The Graduate Research Consultant (GRC) Program was developed to increase research opportunities for undergraduates in courses. OUR encourages and supports instructors who want to transform course projects or assignments into research projects. By research projects, we mean opportunities in which students use the methods of the discipline to pose questions, apply those methods in investigation, and communicate formally their findings to others. Since an important aspect of performing authentic research is disseminating the results, we ask that your course includes a mechanism for students to communicate their findings publicly; for example, via a class presentation, a poster session, a website, etc. So that faculty can develop, guide, and evaluate the research component, we compensate advanced graduate students (Graduate Research Consultants) to work with the instructor and the students during the concentrated period of the course when the students are planning, carrying out and communicating their research.
You can participate in the GRC program as the Graduate Research Consultant (GRC) for a specific undergraduate course. Since the individual faculty members find and select the GRC for their courses, you can encourage a faculty member in your department to submit a GRC course proposal for a new or existing course and offer to be the GRC for the course if the proposal is funded. In addition, you may register your interest with OUR and the GRC Program by submitting the online GRC Interest Form. This will place your name in the GRC Interest Database, where faculty may search for possible GRCs.
If you are the instructor of record for an undergraduate course and have been a GRC in a previous semester, you are eligible to apply for a GRC to assist you if you are planning a research experience as part of your course. Since the start of the program in 2003, a significant number of graduate students have participated as GRCs in the program. See GRC Fall 2014 statistics. An increasing number of those graduate students have begun to request GRCs for their courses to support research components they have developed for those courses.
A Graduate Research Consultant can provide faculty and classes invaluable support by guiding students through their research projects from beginning to end. They can help students learn particular research methodologies and be available for consultation throughout the semester. GRCs are expected to work 30 hours over the course of the semester and are paid $750 (beginning Fall 2008) through the Office for Undergraduate Research.
If you are selected to serve as a GRC, the faculty member will communicate your name to OUR staff. During the first month of the semester, you will receive a communication from OUR asking you to provide the information we need to process your stipend, which will be paid through the UNCTIM payroll system in November or March. Students will be paid 10 hours per week consecutively over a three-week period following the university’s biweekly pay schedule. This will mean that you will receive your pay in two installments. Please be aware that some fellowships and other funding sources do not permit recipients to engage in additional paid work; it is your responsibility to determine if you are able to receive funding as a GRC.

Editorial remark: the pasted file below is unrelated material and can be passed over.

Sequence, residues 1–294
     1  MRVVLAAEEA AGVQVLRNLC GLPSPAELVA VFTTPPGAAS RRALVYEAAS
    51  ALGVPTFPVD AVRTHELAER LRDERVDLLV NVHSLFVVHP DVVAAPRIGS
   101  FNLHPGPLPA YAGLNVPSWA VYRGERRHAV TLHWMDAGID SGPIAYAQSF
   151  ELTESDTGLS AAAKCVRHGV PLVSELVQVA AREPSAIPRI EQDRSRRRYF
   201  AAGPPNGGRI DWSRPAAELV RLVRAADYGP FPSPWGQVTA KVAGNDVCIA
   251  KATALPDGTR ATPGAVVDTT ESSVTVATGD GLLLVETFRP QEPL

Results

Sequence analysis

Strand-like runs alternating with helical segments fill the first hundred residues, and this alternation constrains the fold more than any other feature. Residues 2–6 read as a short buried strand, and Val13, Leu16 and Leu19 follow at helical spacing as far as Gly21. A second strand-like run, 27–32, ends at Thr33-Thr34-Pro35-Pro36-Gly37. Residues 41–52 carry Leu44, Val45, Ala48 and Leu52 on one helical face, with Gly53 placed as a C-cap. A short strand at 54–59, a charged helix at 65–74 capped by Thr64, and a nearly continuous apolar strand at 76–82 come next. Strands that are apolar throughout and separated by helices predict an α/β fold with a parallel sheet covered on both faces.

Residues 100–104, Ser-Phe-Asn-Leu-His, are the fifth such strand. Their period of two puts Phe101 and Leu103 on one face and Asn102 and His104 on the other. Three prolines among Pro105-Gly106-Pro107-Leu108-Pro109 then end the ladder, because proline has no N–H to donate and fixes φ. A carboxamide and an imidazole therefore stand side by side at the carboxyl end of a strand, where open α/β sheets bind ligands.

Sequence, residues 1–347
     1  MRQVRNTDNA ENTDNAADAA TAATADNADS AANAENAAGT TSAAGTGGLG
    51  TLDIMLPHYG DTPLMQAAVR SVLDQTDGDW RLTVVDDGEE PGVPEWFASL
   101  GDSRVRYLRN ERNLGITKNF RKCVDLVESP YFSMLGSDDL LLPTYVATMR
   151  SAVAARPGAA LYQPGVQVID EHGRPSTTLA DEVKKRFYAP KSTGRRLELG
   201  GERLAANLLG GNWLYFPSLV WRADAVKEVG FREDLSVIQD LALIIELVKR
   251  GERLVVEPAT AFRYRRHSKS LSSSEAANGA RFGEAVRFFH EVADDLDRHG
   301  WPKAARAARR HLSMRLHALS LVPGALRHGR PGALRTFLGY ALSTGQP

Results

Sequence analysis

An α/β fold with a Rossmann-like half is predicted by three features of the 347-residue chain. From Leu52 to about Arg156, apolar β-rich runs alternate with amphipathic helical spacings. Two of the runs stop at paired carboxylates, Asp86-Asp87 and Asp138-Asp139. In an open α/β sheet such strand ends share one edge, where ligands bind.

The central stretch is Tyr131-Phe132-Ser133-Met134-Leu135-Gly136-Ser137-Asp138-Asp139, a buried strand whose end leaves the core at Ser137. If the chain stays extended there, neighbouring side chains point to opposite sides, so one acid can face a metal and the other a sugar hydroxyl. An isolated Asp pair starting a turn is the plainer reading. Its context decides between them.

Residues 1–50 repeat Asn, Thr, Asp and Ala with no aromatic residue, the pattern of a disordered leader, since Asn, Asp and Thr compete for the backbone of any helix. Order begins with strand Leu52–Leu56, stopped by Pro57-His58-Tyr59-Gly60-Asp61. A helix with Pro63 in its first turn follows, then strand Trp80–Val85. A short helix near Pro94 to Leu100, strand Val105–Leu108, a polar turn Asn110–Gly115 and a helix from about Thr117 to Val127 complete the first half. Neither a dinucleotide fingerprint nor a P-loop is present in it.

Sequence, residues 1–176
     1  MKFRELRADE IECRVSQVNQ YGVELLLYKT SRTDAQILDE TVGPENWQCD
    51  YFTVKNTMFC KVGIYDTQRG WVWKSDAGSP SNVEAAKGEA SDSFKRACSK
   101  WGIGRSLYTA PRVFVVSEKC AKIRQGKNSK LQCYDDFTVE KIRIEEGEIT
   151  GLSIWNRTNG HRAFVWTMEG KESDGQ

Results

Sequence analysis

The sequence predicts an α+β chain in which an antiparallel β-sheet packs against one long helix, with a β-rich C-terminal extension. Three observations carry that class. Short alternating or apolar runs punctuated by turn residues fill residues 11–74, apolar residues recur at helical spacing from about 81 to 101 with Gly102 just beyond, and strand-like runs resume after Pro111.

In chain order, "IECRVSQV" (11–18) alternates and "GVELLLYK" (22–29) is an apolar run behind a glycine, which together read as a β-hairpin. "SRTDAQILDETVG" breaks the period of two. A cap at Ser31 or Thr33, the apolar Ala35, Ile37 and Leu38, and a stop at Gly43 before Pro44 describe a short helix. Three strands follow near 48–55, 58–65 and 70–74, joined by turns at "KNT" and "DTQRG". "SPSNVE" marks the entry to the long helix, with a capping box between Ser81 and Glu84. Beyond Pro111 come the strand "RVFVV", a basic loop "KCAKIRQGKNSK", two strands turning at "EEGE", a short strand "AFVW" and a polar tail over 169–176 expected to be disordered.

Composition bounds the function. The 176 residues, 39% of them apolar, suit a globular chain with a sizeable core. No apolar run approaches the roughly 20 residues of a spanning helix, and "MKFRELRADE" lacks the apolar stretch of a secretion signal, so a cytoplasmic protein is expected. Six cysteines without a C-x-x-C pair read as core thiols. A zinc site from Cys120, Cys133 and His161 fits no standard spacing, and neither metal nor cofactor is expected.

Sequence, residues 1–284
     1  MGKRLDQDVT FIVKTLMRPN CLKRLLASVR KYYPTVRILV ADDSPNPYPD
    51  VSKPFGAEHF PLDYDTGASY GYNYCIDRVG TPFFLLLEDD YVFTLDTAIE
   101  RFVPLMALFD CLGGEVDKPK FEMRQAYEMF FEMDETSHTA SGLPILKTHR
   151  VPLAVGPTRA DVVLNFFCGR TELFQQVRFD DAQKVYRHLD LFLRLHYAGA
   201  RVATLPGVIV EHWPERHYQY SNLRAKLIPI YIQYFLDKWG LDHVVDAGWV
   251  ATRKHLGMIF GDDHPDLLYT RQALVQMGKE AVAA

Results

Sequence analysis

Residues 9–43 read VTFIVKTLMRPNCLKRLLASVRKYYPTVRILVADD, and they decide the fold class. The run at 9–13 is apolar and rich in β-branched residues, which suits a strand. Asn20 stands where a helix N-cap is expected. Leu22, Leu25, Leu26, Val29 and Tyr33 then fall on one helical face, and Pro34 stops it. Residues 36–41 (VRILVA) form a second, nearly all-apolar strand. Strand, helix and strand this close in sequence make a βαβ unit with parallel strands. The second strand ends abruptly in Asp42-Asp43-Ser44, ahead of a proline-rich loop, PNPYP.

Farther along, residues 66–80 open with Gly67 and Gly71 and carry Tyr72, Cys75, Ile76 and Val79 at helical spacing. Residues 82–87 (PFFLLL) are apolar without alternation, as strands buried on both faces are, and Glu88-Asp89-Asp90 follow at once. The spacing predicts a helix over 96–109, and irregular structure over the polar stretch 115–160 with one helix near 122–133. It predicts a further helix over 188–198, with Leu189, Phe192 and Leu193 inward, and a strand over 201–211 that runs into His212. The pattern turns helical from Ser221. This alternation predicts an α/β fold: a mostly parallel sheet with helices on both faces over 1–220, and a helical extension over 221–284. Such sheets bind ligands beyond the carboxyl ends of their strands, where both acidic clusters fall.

I wouldn’t have done the project without a GRC and in particular it worked very well to have his expertise in survey research because I’m not an expert on survey methods. So he was able to describe various scales and talk about different kinds of question in a way that I couldn’t have done. So I appreciated that.– Faculty member
There are several ways in which a GRC is different from a TA. The major difference is that a GRC “coaches” students, but does not grade their work. The GRC has extended knowledge in research methodology. Additionally, a GRC does not attend all of the class sessions. Instead, GRCs can be available for individual or group consultation outside of class hours or they might attend selected classes. In rare instances, a graduate student might serve as both a GRC and a TA, if the different roles in the course are clearly defined.
My experience as a GRC was exciting—to have a role in allowing students to develop their own field work…for me it was exciting to see how that might work and to see what kind of support you might need for that to be successful…it was rewarding for me. It was also challenging. It helped me to know, if I were to implement [a research component] in my own course in the future how I might go about structuring it.– Graduate Research Consultant
It was a great experience to work with undergrad students. It was fantastic to be able to see how the professor set up his class to include these group research projects. More than anything else, I saw a way of how to get undergrads involved in and excited about research.–Graduate Research Consultant
…I was really drawing on her [the GRC’s] expertise with having worked in this kind of project. Because I’m trained as a historian, I’m aware of a lot of methodologies, but I haven’t actually participated in—especially things that kind of bordered on empirical. She knows the literature a lot more in that regard. So it was invaluable to me to have somebody like that.–Faculty member
I think there’s always an advantage of having that graduate student/faculty collaboration on a class both for the role model potential and for somebody the students to feel there’s somebody else to go to besides the faculty member.–Faculty member
The GRC course examples provide details of how these courses were designed in several disciplines. You can also review the Database of GRC (Research-Exposure) Courses. Former GRCs who are instructors of record for an independent course and want to request a GRC, please see the GRC program for FAQs and an application.